"Gushie" was having a conniption fit.
Admiral Calavicci had warned him that unusual things happened when Sam Leaped, but nothing could have prepared David Beckett for what was happening now. His first Leap-in, and what a baptism!
"Admiral! Dr Beeks! Anybody!"
Al, Verbena, Sammi-Jo, Donna and a half-dozen others burst through the door within seconds of each other, convinced Sam was either Home or Dead, or both.
Twenty expectant eyes focused on the new boy.
"What is it? What's happened?" asked Al urgently.
David swallowed hard.
"Wh- what do I do?" he queried. "How, uh, what, I mean…" he stammered.
"What? Spit it out, man." roared the Rear Admiral, instantly forgetting all his vows to break the kid in gently. "I take it Sam's Leaped-in?"
"Y-yes." David nodded vigorously. Dr. Beckett had Leaped-in all right. Way in. You could even say well over his head.
"Then if you're not going to tell me what's going on, I guess I'll go have a chat with our new visitor." Al headed for the Waiting Room.
"I – I w-wouldn't open that door if I were you." David found both his voice and his motor skills and moved forward purposefully to bar Al's way.
Al turned to glare at him. He was beginning to doubt the wisdom of hiring this greenhorn.
"Admiral, you can't go into the Waiting Room. Ziggy has flooded it!"
Somewhere in the Atlantic
Sam had eventually realized his azure environment was not the limbo of transit between Leaps, but was in fact a clear blue sea. He'd Leaped in mid-ocean like this once before, and remembered panic and an explosion, but this time he felt instantly calm.
He was swimming underwater and soon became aware that he was not alone. He was part of a group, swimming close together some way beneath the surface.
Very shortly after that his ungoggled eyes realized that there was something odd about his companions. They were all in grey wet suits – no, wait a minute – they weren't wet suits at all. His swimming partners were not even human – they were dolphins.
Tursiops truncatus truncatus.
He was swimming right in the middle of a school of Atlantic Bottlenose dolphins!
They were magnificent.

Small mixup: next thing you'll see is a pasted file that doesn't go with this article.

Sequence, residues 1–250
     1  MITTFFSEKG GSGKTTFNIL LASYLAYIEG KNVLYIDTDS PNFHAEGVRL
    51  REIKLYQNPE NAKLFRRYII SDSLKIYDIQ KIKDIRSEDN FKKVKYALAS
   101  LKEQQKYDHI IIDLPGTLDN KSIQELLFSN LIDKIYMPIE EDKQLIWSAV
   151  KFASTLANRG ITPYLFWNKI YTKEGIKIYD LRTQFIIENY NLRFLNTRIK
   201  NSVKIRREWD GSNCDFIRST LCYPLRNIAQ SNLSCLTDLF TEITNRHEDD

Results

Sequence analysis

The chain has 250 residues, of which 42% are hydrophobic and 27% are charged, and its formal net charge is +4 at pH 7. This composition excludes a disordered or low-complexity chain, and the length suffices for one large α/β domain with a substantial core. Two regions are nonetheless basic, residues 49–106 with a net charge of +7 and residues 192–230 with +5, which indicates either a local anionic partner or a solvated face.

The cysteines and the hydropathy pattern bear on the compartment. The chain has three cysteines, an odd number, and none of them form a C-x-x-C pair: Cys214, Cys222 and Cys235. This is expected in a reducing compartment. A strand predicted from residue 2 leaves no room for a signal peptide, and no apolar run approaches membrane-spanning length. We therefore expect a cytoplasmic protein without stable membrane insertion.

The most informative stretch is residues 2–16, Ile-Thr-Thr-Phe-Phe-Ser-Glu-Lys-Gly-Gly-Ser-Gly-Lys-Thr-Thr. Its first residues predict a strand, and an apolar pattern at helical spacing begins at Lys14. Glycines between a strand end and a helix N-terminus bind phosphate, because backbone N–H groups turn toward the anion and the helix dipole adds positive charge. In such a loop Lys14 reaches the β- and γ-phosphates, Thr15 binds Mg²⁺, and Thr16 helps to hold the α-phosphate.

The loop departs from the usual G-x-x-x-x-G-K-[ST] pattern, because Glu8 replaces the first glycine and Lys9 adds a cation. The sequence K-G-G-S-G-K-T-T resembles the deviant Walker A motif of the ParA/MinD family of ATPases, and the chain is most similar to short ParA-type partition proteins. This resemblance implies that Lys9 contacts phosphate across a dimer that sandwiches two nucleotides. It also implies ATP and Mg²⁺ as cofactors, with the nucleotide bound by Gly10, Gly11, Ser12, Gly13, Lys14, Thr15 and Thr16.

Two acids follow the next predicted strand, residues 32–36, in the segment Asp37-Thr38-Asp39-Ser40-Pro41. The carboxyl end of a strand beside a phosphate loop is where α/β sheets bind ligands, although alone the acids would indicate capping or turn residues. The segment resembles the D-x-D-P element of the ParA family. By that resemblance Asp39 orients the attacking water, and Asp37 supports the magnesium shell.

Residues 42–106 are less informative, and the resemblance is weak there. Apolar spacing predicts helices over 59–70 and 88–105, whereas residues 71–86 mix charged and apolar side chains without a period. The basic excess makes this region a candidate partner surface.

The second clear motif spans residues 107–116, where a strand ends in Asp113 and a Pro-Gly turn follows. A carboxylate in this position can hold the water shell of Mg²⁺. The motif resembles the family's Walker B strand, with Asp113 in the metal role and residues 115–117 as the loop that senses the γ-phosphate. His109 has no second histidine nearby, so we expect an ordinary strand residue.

So beautiful - so graceful.
And close enough to reach out and touch.
It was so peaceful, so serene and wonderful; he wished the experience could last forever. Yet he supposed his air supply would be exhausted all too soon.
Looking down for the first time at his own appearance to check his gauges, he immediately became conscious that he was not wearing any breathing apparatus. This discovery intrigued him, yet he was not at all alarmed by it. He felt no discomfort, though he couldn't recall, now he thought about it, having drawn breath since his Leap-in. Closer examination of his appearance showed him to be not only without scuba gear, but also without anything else at all. He was stark naked. He had not a stitch on.
Next he was aware that the dolphins were conversing in clicks and whistles, yet he knew what they were saying. He finally comprehended why his blood was still so oxygen rich after long submersion. Had there been a mirror to check in, he was sure he'd have seen flippers where his arms should be. His consciousness was currently residing in the blubber of a sea dwelling mammal.
He, too, was a Bottlenose dolphin!
"Ohhhhh, boyohboyohboyohboyohboy!" he emitted, in one long sonic squeak.
Disbelievingly, Al climbed to the Observation deck, which discreetly overlooked the Waiting Room through a two-way mirror, and contained all manner of high-tech monitoring equipment. Sure enough, the holding cell was two-thirds filled with water.
"How do we sedate a distressed dolphin?" asked Beeks, who'd followed close upon his heels and now stared incredulously at the creature's aura.